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John_snurkowski

Acid Mesh

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Looking for an old rigger's advice. 

Someone just dropped off Security Pilot Emergency rig and asked me to tell them whether or not it's airworthy. (It likely is not.) But the parachute is from the '70s and as far as any records I have seen on it, has not been tested for acidity. 

 

Can someone tell me how I am supposed to conduct that test, and possibly the list of serial numbers (which I'm told are out there) which Security said are subject to the acid mesh pandemic?

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A non-riggers recollection = Some round canopy's drive slot mesh was not properly cleaned / treated during manufacturing which led to a low ph condition on the surface of the mesh = acid mesh.

When the mesh is folded and packed against the canopy's nylon panels, they could become discolored and otherwise damaged, (think failure during deployment due to weakend fabric).

 

How'd I do Jerry?

 

Cheers

 

 

 

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14 minutes ago, kleggo said:

A non-riggers recollection = Some round canopy's drive slot mesh was not properly cleaned / treated during manufacturing which led to a low ph condition on the surface of the mesh = acid mesh.

When the mesh is folded and packed against the canopy's nylon panels, they could become discolored and otherwise damaged, (think failure during deployment due to weakend fabric).

 

How'd I do Jerry?

 

Cheers

 

 

 

Hi Kleggo,

Pretty good, if I do say so myself.

Re:  Some round canopy's drive slot mesh was not properly cleaned / treated during manufacturing which led to a low ph condition on the surface of the mesh = acid mesh.

It wasn't that it was not properly cleaned.  It was that the mesh mfrs added a non-flammable 'coating' to the mesh.  The mesh still met the Mil Spec req'ments.  But, this 'coating' is what caused the interaction with the nylon fabric in the canopies; resulting in strength failure.

They added the 'coating' so the non-flammable mesh could be used in things like tents, etc.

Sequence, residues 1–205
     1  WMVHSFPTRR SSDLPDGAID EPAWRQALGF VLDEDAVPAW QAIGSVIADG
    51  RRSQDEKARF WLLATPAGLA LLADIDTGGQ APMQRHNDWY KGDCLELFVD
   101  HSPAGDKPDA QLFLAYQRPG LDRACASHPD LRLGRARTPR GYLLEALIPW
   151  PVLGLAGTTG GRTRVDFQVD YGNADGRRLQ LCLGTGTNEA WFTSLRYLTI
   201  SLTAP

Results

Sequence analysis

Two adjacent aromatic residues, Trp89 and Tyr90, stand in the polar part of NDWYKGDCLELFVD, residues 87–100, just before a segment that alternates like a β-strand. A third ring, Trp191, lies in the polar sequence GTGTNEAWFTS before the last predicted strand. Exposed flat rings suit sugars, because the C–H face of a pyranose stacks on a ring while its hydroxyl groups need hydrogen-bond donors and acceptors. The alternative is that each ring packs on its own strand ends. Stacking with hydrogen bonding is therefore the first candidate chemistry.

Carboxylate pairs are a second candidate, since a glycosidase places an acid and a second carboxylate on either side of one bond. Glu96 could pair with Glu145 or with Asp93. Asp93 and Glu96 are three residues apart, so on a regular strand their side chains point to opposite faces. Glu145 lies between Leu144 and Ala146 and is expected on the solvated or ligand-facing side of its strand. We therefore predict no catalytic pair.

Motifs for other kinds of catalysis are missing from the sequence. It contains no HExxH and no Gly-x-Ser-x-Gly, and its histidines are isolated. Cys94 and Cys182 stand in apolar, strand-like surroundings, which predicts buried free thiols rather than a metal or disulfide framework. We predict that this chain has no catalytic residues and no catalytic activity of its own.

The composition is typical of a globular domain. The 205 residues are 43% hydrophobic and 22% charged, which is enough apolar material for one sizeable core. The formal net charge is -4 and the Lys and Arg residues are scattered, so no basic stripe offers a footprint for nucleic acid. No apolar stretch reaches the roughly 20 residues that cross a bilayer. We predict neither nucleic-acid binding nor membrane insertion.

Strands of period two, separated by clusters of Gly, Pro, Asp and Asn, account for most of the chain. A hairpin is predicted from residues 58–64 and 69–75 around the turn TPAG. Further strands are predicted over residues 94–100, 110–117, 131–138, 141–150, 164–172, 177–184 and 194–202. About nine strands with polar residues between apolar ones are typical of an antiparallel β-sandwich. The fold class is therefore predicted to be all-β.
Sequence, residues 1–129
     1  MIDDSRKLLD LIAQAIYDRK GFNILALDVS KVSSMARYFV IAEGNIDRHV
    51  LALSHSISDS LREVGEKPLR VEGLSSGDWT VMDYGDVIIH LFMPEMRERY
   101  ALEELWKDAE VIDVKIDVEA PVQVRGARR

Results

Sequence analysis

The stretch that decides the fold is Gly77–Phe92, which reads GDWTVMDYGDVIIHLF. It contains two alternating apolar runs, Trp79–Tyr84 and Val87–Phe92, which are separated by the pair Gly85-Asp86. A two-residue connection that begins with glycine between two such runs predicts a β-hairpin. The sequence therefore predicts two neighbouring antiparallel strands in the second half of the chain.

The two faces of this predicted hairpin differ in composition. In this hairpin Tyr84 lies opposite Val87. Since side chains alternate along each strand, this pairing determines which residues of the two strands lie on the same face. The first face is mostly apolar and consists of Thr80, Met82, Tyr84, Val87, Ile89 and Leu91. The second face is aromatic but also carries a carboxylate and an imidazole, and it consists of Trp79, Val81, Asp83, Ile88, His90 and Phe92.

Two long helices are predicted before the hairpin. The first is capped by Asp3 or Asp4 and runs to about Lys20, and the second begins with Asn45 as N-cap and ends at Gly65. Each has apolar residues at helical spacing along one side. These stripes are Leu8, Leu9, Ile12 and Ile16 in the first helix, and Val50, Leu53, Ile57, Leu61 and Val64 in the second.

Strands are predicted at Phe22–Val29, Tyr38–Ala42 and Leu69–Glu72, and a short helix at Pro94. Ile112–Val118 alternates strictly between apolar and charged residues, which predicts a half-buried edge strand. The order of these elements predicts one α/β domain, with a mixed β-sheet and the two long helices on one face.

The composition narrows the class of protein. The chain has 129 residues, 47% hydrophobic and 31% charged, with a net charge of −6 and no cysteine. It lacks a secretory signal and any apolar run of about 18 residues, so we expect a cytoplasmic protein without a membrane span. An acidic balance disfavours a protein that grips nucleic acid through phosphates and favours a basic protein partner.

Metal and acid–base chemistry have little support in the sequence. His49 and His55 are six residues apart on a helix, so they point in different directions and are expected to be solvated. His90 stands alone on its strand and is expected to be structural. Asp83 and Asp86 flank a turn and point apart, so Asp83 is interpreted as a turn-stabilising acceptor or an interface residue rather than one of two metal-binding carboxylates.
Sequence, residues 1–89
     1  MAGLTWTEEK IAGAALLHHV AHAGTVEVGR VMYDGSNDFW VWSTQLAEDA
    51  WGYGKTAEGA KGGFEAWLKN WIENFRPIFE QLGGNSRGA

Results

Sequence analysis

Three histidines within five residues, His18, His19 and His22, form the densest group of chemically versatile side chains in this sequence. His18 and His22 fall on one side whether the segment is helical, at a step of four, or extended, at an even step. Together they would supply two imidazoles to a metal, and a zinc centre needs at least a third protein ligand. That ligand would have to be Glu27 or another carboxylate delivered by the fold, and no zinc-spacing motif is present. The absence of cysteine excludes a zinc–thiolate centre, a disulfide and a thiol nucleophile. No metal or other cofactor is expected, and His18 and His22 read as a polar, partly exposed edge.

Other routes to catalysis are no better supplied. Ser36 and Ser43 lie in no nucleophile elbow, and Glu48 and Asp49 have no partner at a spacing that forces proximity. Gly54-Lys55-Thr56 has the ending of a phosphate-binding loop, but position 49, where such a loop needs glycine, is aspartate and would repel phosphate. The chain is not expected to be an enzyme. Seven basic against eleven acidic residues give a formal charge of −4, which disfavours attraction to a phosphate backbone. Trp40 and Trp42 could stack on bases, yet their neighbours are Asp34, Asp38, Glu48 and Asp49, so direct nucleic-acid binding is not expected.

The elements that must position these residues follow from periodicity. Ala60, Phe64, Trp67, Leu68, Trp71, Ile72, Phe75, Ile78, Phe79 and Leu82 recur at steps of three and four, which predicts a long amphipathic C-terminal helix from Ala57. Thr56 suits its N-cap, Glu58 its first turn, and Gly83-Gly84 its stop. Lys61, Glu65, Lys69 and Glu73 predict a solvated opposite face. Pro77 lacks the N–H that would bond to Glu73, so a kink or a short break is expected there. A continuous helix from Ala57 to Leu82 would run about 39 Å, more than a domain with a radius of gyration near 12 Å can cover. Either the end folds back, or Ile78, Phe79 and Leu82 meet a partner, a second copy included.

The parachute mfr's did not know about the coating, so they used the mesh without concern.

Anyway, that's my story & I'm sticking with it.

Jerry Baumchen

 

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19 minutes ago, kleggo said:

A non-riggers recollection = Some round canopy's drive slot mesh was not properly cleaned / treated during manufacturing which led to a low ph condition on the surface of the mesh = acid mesh.

When the mesh is folded and packed against the canopy's nylon panels, they could become discolored and otherwise damaged, (think failure during deployment due to weakend fabric).

 

How'd I do Jerry?

 

Cheers

 

 

 

That's about it. Mike Smith from the old Spaceland Parachute Center discovered it while packing his girlfriend's reserve. The fabric tested fine during a repack, then 120 days later during another repack he pull tested it again and the fabric fell apart like wet paper. It was determined that the contaminated mesh having contact with the F111 fabric degraded it severely. No one ever figured out how the fabric could test perfectly fine for a long time, then suddenly fall apart in the course of one repack cycle.

The fix was an acid test followed by a specific washing method if it was positive.

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To further complicate the issue, only certain batches of acidic mesh reacted with certain batches of F-111 fabric. Note that several other fabric mills sold fabric similar to F-111. Finally, it required a specific combination of heat and humidity for the the two types of fabric to interact and deteriorate the canopy fabric. Only Strong Enterprises and Free-Flight stuck with MIL-SPEC fabric and mesh. Round canopies from all other manufacturers are suspect. The FAA, GQ Security, National, Pioneer, etc. issued Service Bulletins to get their customers back in the air, but that was only a short-term goal. By 1990, square reserve manufacturers had caught up with demand and sold plenty of replacement reserves. Sales of round reserves plummeted during the late 1980s. By 1990, square reserve manufacturers had caught up with demand and by 1990 something like 80 or 90 percent of new containers were sold with square reserves.